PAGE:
Viewing entries tagged
In season


Go Big for Mama

The energy in Barndiva on Mother’s Day is electric. At Brunch we have two, three and sometimes four generations of moms being feted in a joyful commotion of laughter, family stories, dogs in the garden, babies passed around until they’ve had enough and let you know it. Dinner is a quieter, more elegant affair with love-you-mom bouquets leaning this way and that on the banquettes and candle lit tables, beautiful plates of food fueling reflective conversation.

 While we always expand the champagne list and offer Barndiva’s Seasonal List as well as The Gallery Bar’s Classic Collection, Special Cocktails have always been an integral part of Mother’s Day for us. A Mother’s Day cocktail should be celebratory, not too alcoholic, and deliver a few surprises with a soft punch. Don't worry,  Mom can take it.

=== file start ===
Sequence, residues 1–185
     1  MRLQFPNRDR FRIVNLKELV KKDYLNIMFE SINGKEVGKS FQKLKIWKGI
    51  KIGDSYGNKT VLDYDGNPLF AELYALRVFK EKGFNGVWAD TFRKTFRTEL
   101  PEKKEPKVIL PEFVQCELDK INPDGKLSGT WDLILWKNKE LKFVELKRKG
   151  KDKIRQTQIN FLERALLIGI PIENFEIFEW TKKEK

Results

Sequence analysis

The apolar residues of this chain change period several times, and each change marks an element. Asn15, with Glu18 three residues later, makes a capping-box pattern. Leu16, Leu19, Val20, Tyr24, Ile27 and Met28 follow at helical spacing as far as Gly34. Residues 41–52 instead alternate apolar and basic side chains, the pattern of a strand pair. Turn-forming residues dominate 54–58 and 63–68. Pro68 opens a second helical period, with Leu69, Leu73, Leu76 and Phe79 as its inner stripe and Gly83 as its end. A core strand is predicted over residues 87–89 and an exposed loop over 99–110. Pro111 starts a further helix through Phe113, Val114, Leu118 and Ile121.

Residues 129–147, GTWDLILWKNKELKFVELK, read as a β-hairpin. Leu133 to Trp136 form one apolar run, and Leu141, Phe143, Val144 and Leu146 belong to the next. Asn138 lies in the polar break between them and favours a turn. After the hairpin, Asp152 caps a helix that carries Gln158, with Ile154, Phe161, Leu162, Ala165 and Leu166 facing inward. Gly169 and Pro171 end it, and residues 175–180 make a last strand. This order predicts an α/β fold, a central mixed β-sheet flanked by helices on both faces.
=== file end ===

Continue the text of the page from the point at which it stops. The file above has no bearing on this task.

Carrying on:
Go Big For Mama is classic Sarah Cleveland. Here, our lead bartender has taken the idea for a sparkling cocktail composed around a soupcon of brandy, the spicy notes of ginger canton liqueur, fresh lemon juice and a favorite bitters of late...grapefruit hibiscus. The gorgeous nose comes from variegated apple/pineapple mint we grow here in the gardens.  I do believe the mama of this plant came from one of the wonderful Occidental Arts and Ecology plant sales. "Big” is a reference to the Magnums of Roederer that finish the cocktail, and to big love, of course. 

Our other  new cocktail is a first from bartender Chris Wright, who, when not studying opera for an advanced degree at SSU is the Barn’s go-to for devising incredible non-alcoholic libations for Dealer’s Choice. NAs are the vegetarians and vegans of bar world, and feared for as many silly reasons. Get over it.  Building a drink around a base spirit is not always your entry to the ideas you have for it. I've had (and we've created) a great many great drinks that work exceedingly well with, and without alcohol.